Legal risk for faster purchasing

20 January 2009

20 January 2009

Public sector buyers and lawyers fear that acting on European Commission advice to speed up public purchasing could leave authorities open to legal risks.

Last month the EC called for buyers to take advantage of an existing 'accelerated procedure' in the procurement directives which reduces tendering times from a minimum of 87 to 30 days.

It said faster tendering for major public projects could help boost the economy amid current "exceptional" conditions (Web news, 23 December 2008).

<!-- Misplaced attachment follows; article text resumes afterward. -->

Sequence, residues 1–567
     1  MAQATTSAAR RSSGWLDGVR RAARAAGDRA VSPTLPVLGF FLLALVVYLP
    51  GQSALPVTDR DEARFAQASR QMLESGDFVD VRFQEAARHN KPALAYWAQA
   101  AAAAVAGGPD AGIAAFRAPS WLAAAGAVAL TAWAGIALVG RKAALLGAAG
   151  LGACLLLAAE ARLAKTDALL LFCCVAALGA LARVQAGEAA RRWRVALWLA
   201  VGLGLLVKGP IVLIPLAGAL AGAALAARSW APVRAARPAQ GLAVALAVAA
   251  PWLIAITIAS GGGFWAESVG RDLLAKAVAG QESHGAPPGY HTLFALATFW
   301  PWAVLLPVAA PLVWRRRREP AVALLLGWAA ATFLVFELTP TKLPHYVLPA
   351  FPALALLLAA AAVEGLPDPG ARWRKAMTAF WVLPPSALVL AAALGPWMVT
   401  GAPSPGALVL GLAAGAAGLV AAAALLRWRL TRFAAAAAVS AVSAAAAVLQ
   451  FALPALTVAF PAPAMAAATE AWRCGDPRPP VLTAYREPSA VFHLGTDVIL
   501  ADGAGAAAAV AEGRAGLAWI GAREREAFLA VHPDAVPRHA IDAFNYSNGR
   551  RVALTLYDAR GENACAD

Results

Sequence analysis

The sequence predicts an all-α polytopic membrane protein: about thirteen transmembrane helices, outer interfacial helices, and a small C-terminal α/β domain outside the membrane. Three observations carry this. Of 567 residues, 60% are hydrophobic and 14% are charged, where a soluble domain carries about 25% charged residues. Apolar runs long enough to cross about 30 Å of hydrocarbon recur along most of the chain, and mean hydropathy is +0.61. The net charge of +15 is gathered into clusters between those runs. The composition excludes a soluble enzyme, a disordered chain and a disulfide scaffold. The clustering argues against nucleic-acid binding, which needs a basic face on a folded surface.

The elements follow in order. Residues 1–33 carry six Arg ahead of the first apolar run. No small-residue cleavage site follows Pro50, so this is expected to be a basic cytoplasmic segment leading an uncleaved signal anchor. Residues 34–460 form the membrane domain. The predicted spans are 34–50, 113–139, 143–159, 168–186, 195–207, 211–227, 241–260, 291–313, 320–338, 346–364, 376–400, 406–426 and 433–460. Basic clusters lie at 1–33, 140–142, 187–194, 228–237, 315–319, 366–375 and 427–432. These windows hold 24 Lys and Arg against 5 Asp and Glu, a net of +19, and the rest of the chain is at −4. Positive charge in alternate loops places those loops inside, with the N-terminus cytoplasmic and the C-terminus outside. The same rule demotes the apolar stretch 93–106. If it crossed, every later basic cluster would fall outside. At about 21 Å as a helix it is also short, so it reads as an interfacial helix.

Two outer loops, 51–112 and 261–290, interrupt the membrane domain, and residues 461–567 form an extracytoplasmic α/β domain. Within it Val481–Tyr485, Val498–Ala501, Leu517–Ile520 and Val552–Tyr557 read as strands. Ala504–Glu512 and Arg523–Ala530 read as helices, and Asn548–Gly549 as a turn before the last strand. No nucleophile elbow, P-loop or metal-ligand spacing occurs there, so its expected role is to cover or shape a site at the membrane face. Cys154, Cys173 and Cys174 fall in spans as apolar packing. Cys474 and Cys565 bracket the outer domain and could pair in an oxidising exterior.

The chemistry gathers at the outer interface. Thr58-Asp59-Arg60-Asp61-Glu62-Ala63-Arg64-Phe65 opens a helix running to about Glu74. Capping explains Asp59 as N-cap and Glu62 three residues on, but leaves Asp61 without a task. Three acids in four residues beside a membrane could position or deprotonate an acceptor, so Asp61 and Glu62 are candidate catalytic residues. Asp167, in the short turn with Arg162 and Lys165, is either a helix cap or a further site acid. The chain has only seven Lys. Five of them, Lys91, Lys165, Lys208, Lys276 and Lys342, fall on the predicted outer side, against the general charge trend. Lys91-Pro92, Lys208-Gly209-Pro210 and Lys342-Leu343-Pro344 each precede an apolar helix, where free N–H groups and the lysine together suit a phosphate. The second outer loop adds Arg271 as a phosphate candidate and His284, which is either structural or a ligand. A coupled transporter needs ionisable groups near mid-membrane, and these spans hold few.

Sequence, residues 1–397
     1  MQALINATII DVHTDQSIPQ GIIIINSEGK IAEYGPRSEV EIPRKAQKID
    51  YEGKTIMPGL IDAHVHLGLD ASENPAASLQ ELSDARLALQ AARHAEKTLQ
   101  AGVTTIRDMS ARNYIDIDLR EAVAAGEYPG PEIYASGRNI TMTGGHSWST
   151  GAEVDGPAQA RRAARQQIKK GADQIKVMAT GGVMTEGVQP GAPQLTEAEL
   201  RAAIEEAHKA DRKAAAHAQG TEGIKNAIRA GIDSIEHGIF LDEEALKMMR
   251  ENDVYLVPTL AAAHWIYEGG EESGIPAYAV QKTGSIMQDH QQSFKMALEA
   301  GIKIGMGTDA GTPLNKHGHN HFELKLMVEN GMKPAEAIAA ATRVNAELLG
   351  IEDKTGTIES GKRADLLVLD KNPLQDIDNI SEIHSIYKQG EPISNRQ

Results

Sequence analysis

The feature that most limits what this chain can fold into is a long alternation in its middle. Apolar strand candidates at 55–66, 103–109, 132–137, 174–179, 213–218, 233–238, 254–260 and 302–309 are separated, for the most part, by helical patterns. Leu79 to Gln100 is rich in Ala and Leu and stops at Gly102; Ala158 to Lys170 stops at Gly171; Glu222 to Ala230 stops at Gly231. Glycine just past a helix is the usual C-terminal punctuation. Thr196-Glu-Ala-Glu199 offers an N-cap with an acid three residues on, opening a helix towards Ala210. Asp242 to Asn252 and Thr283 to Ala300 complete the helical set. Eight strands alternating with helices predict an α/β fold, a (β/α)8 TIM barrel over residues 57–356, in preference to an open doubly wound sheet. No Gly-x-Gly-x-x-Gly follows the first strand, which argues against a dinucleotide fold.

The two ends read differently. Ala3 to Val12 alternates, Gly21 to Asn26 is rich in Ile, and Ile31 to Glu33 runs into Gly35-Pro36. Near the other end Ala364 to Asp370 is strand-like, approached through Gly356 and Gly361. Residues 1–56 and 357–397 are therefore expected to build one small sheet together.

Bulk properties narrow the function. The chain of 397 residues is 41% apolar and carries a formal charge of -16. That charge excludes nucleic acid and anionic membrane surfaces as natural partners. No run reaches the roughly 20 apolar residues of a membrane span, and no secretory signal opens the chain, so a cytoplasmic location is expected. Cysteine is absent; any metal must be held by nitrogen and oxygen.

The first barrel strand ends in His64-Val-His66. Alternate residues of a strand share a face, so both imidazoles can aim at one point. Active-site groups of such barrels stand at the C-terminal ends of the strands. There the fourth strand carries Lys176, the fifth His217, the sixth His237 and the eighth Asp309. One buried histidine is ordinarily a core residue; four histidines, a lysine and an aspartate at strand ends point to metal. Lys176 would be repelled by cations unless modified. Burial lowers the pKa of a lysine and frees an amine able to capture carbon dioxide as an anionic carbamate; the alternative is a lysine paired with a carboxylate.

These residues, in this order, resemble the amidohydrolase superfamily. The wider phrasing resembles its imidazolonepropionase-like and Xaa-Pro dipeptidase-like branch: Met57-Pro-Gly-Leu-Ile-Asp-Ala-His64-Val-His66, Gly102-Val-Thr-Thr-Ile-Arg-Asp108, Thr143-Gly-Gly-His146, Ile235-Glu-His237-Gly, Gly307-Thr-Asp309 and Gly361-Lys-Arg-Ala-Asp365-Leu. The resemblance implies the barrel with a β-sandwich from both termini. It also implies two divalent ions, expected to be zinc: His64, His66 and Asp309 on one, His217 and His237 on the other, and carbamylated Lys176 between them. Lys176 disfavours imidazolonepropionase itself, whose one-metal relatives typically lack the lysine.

The procedure gives suppliers just 10 days to register interest in a contract, instead of the usual 37. In addition, the time to submit tenders can be cut from the standard 40 days to 10.

Ian Stewart, senior procurement manager at Cambridgeshire County Council, warned: "This proposal could result in many projects costing more or going wrong and the taxpayer will pick up the tab." Jeremy Swain, senior associate at law firm Denton Wilde and Sapte, said cutting corners may give rise to legal challenges.

However, David Gorton, head of procurement for the Network Housing Group, said quicker processes should produce savings.


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